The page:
Irvine will undoubtedly be big dog in OC and will probably be well respected in the LA market as it is in the UC-system.
This is a tough one. If you are interested in public interest, I'd pass on GW. If Irvine weren't in its first year, I'd say go for it. I'm not really sure what sort of guidance you'd get towards a public interest career there. An established clinical program would be nice, but I think its almost important to keep in mind that your career is a lot of what you make out of it. Just because a school offers a nice public interest curriculum doesn't necessarily mean you'll be able to translate that into a career. You'll have to make your own path no matter where you go.Also are the requirements for keeping the scholly throughout all of law school relatively the same. Are they conditioned on a specific GPA? NYC is also very expensive compared to Irvine. Plus you'll be up against a host of other schools in NYC for the same job opportunities. Irvine will undoubtedly be big dog in OC and will probably be well respected in the LA market as it is in the UC-system.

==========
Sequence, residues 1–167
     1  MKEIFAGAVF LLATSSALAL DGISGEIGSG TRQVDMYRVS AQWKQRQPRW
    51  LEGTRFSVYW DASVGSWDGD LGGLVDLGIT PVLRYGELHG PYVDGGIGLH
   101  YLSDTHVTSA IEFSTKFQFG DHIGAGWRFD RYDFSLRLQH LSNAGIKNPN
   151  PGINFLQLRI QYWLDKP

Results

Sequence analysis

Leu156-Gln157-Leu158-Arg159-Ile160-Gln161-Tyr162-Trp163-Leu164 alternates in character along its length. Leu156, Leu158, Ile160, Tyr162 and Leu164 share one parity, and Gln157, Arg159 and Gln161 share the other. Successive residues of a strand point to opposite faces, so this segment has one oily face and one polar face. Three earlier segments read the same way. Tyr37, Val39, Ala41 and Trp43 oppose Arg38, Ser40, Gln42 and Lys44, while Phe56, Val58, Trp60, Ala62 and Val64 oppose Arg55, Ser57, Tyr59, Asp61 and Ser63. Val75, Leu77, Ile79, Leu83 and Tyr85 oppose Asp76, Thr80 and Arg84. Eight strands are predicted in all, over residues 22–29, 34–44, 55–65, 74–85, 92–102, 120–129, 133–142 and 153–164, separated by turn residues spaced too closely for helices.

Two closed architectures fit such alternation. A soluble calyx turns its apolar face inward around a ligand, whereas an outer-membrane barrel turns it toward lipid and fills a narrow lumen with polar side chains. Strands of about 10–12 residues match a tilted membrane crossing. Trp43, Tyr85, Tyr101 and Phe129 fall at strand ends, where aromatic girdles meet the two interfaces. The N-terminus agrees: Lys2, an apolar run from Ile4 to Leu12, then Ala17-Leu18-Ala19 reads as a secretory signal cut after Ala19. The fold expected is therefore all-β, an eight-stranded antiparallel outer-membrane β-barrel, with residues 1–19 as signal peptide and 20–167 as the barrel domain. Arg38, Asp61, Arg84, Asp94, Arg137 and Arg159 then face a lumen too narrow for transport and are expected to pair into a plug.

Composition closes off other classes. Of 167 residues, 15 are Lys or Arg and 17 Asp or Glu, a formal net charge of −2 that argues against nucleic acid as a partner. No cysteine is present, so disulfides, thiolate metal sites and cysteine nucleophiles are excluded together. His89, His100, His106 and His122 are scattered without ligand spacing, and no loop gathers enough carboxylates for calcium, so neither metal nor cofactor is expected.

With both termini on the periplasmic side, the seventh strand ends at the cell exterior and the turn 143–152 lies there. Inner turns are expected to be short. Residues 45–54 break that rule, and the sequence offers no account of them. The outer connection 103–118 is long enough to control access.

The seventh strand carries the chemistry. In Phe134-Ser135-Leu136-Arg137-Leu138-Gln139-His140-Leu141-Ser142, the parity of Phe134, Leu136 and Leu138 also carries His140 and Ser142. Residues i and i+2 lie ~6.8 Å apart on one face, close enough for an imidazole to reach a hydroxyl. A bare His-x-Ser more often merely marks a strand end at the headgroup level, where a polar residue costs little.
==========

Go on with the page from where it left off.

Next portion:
Quote from: one4theteam on March 04, 2009, 08:06:07 PMIrvine will undoubtedly be big dog in OC and will probably be well respected in the LA market as it is in the UC-system. Even with their star faculty, that's still a huge if. The fact of the matter is that they're offering a full ride to the incoming class because they realize what a gamble it is to attend a brand new law school. You may be right that it will one day surpass UC Davis, but there's no way to tell now.Keep in mind that New York and SoCal are EXTREMELY different. Cardozo is an excellent regional school, and you'll have fewer job opportunities available back West if you attend. On top of that, while Cardozo places decently, it's in a saturated market that is currently hemmoraging jobs. It's still really hard to argue with a full ride, though.In your case, I'd probably pick either one of the full rides depending on where I wanted to work after graduation. GW is a cut above, but as you said you'll be paying significantly more, and you may find yourself stuck in D.C. for awhile after graduating (which is not really a bad problem to have).